||Opéra bouffe[F. opéra opera + bouffe comic, It. buffo], ||Opera buffa[It.], light, farcical, burlesque opera.Opera box, a partially inclosed portion of the auditorium of an opera house for the use of a small private party.||Opéra comique[F.], comic or humorous opera.Opera flannel, a light flannel, highly finished. Knight.Opera girl(Bot.), an East Indian plant (Mantisia saltatoria) of the Ginger family, sometimes seen in hothouses. It has curious flowers which have some resemblance to a ballet dancer, whence the popular name. Called also dancing girls.Opera glass, a short telescope with concave eye lenses of low power, usually made double, that is, with a tube and set of glasses for each eye; a lorgnette; — so called because adapted for use at the opera, theater, etc. Opera hat, a gentleman's folding hat.Opera house, specifically, a theater devoted to the performance of operas.||Opera seria[It.], serious or tragic opera; grand opera.

(Op"er*a*ble) a. Practicable. [Obs.]

(Op`er*am"e*ter) n. [L. opus, operis, pl. opera work + -meter.] An instrument or machine for measuring work done, especially for ascertaining the number of rotations made by a machine or wheel in manufacturing cloth; a counter. Ure.

(Op"er*ance Op"er*an*cy) n. The act of operating or working; operation. [R.]

(Op"er*and) n. [From neuter of L. operandus, gerundive of operari. See Operate.] (Math.) The symbol, quantity, or thing upon which a mathematical operation is performed; — called also faciend.

(Op"er*ant) a. [L. operans, p. pr. of operari. See Operate.] Operative. [R.] Shak.n. An operative person or thing. [R.] Coleridge.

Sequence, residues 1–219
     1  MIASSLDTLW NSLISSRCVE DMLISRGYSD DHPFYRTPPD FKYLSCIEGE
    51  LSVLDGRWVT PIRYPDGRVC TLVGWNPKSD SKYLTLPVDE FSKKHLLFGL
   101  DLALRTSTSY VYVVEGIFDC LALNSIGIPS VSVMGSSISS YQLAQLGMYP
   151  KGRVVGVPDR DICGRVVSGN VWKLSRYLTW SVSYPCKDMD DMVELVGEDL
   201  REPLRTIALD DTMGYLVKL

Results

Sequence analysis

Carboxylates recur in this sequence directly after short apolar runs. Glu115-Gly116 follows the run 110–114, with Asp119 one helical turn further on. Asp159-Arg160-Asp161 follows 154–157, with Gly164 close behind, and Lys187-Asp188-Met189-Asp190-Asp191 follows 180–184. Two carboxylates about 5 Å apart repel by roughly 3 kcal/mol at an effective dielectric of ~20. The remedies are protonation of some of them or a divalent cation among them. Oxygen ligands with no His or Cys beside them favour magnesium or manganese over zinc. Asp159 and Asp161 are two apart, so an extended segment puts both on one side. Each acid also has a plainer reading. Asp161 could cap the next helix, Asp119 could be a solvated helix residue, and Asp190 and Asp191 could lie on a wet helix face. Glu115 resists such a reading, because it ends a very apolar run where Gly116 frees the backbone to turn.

(Op"er*ate) v. i. [imp. & p. p. Operated ; p. pr. & vb. n. Operating.] [L. operatus, p. p. of operari to work, fr. opus, operis, work, labor; akin to Skr. apas, and also to G. üben to exercise, OHG. uoben, Icel. fa. Cf. Inure, Maneuver, Ure.]

1. To perform a work or labor; to exert power or strengh, physical or mechanical; to act.

2. To produce an appropriate physical effect; to issue in the result designed by nature; especially (Med.), to take appropriate effect on the human system.

3. To act or produce effect on the mind; to exert moral power or influence.

The virtues of private persons operate but on a few.

A plain, convincing reason operates on the mind both of a learned and ignorant hearer as long as they live.

4. (Surg.) To perform some manual act upon a human body in a methodical manner, and usually with instruments, with a view to restore soundness or health, as in amputation, lithotomy, etc.

5. To deal in stocks or any commodity with a view to speculative profits. [Brokers' Cant]

(Op"er*ate), v. t.

1. A drama, either tragic or comic, of which music forms an essential part; a drama wholly or mostly sung, consisting of recitative, arials, choruses, duets, trios, etc., with orchestral accompaniment, preludes, and interludes, together with appropriate costumes, scenery, and action; a lyric drama.

2. The score of a musical drama, either written or in print; a play set to music.

3. The house where operas are exhibited.

  By PanEris using Melati.

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